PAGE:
I know that a ring $R$ without unity can be embedded as a subrng of a ring with underlying additive structure $R \oplus \mathbb{Z}$, a ring with unity. But this does not yield a finite field. But I read somewhere that $\mathbb{Z}$ can be replaced by $\mathbb{Z}/p\mathbb{Z}$, where p is the characteristic of $R$ (seen as the least number of terms needed for $a+a+\ldots+a=0 $ for any $a \in R$. Suppose $R$ has additive structure $\mathbb{Z}_2 \oplus \mathbb{Z}_3$, so $p=2$, but then if $a \in \mathbb{Z}_3$ then $2a=(1+1)a=0$, on the other hand $a+a+a=0$. How is that possible?

Marc Bogaerts
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    $p=6$ for that ring, as it is isomorphic--by the classification of finite abelian groups--to $\Bbb Z/6\Bbb Z$. Not all characteristics are prime, that's only *necessarily* true in fields. – Adam Hughes Aug 27 '14 at 17:41
  • Of course! How stupid to be too fast. In fact I had $\mathbb{Z}_{p^2} \oplus \mathbb{Z}_{p^3}$ in my mind. – Marc Bogaerts Aug 30 '14 at 14:39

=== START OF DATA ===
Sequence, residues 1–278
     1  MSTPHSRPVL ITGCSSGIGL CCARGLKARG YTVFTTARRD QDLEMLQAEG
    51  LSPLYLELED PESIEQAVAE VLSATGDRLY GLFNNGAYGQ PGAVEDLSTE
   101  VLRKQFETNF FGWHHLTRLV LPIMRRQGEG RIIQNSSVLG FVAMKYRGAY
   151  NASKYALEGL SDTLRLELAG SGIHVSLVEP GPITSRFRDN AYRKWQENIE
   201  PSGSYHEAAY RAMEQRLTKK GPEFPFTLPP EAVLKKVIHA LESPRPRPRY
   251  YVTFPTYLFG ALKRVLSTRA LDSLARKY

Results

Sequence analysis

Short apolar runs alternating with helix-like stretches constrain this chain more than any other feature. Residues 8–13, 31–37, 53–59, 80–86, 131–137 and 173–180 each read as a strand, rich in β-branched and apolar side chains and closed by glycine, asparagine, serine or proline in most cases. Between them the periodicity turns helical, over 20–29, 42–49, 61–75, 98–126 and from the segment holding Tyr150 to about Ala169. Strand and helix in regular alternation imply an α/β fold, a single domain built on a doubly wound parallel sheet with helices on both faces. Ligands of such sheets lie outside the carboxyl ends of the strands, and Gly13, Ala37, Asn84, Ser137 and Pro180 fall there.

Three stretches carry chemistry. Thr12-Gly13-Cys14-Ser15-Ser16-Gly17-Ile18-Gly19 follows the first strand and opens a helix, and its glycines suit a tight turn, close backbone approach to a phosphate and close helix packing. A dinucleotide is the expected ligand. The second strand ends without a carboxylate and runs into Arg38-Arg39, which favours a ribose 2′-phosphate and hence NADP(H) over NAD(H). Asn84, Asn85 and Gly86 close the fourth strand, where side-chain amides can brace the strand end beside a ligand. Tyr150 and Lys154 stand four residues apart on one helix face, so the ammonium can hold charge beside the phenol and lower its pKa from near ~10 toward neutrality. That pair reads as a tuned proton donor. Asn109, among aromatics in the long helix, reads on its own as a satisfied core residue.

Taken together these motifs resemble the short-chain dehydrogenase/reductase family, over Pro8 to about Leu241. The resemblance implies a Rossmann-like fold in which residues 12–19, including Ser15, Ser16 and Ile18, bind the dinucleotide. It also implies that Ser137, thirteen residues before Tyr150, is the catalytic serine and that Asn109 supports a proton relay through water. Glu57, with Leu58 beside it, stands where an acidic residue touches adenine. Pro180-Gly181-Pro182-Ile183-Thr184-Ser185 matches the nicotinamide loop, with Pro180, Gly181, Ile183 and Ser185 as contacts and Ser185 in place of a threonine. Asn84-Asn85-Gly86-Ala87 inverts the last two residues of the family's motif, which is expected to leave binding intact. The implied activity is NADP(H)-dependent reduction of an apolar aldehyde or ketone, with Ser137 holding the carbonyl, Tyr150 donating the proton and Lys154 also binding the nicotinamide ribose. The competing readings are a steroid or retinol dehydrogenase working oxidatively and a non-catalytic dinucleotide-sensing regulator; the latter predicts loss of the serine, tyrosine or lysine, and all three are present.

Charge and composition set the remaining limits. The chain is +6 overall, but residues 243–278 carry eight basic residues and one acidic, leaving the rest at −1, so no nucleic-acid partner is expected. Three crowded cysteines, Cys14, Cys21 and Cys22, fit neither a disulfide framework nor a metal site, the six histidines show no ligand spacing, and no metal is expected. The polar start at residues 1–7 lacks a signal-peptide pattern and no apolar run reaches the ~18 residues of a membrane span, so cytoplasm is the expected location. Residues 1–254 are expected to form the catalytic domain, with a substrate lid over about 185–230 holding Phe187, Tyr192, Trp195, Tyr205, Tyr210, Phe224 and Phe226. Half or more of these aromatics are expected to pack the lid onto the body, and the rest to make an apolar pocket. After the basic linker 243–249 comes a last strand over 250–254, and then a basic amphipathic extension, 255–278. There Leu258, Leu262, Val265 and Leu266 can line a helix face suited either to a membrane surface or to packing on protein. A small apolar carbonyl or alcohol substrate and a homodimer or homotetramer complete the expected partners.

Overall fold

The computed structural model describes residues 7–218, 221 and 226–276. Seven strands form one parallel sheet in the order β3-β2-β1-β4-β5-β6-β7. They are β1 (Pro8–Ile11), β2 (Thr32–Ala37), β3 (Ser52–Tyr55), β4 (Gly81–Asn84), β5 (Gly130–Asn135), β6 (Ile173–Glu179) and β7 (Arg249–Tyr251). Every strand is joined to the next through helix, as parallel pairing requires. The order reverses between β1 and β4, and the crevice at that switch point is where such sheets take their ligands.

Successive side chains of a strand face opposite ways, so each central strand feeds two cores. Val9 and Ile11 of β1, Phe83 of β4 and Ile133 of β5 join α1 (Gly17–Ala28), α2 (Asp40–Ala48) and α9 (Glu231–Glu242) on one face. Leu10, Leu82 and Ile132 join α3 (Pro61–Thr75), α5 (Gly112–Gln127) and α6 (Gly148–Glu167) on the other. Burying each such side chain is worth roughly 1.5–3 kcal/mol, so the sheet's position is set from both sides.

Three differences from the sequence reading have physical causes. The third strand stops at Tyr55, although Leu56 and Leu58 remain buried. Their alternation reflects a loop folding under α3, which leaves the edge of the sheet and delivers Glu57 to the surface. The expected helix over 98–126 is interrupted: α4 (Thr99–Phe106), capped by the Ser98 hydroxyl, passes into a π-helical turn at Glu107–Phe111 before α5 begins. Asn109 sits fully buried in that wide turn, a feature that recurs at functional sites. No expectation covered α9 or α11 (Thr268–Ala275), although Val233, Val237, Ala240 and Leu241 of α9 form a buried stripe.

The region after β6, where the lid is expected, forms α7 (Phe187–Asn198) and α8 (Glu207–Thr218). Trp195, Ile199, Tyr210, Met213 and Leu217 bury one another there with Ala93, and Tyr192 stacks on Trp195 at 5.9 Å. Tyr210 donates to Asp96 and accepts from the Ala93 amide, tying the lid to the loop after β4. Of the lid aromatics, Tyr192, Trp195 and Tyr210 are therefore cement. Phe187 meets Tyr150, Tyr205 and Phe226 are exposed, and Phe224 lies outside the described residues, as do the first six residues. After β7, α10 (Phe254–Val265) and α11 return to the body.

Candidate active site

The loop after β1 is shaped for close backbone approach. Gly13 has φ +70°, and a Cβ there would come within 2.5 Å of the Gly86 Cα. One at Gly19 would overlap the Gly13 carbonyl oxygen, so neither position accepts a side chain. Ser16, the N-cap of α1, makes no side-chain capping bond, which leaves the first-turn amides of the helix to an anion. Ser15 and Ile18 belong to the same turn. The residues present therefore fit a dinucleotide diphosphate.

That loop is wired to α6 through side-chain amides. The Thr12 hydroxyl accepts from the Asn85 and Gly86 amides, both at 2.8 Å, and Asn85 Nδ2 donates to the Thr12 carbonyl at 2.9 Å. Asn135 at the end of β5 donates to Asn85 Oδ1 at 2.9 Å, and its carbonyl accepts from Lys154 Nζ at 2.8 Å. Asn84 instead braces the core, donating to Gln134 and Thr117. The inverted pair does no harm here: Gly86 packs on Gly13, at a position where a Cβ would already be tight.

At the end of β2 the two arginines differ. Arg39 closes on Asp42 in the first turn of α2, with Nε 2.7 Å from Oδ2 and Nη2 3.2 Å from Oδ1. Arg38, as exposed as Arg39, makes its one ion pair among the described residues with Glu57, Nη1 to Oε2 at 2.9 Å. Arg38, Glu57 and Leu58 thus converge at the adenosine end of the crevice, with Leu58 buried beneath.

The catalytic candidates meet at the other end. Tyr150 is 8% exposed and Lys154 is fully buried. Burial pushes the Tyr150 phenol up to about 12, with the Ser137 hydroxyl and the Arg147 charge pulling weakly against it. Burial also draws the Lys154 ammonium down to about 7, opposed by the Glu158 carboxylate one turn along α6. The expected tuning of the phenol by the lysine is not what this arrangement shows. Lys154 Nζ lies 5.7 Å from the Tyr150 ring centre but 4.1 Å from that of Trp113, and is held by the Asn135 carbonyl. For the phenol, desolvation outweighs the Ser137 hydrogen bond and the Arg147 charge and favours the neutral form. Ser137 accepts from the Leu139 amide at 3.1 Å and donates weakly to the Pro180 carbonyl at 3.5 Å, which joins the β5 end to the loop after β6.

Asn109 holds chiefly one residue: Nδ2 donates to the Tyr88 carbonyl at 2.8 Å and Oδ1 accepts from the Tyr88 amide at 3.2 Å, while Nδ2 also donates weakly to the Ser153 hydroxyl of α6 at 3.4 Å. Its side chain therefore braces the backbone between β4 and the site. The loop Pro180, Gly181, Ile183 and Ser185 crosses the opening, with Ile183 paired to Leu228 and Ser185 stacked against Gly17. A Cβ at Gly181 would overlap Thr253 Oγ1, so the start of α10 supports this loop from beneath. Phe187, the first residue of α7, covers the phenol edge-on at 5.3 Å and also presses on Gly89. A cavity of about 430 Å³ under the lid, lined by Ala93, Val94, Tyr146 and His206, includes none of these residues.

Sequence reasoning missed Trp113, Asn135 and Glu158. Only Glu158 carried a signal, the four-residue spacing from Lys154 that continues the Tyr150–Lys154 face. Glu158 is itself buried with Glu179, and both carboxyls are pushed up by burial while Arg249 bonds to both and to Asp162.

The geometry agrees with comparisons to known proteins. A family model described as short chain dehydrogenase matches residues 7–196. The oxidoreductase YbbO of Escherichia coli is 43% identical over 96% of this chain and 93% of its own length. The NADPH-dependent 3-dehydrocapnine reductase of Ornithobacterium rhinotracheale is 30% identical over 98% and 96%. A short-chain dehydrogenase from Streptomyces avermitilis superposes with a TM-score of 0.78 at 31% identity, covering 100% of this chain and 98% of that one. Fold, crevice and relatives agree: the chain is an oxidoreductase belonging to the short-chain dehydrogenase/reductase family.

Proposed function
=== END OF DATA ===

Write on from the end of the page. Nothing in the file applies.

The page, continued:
1 Answers1


Indeed, the well-known Dorroh adjunction of $1$ is not useful in many contexts because it doesn't preserve crucial properties of the source rng and/or doesn't satisfy various minimality properties. Below is an alternative, which alleviates some of these problems, addressing the issue you mention

W.D. Burgess; P.N. Stewart. The characteristic ring and the "best" way to adjoin a one.
J. Austral. Math. Soc. 47 (1989) 483-496. $\ \ $ Excerpt:

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Bill Dubuque
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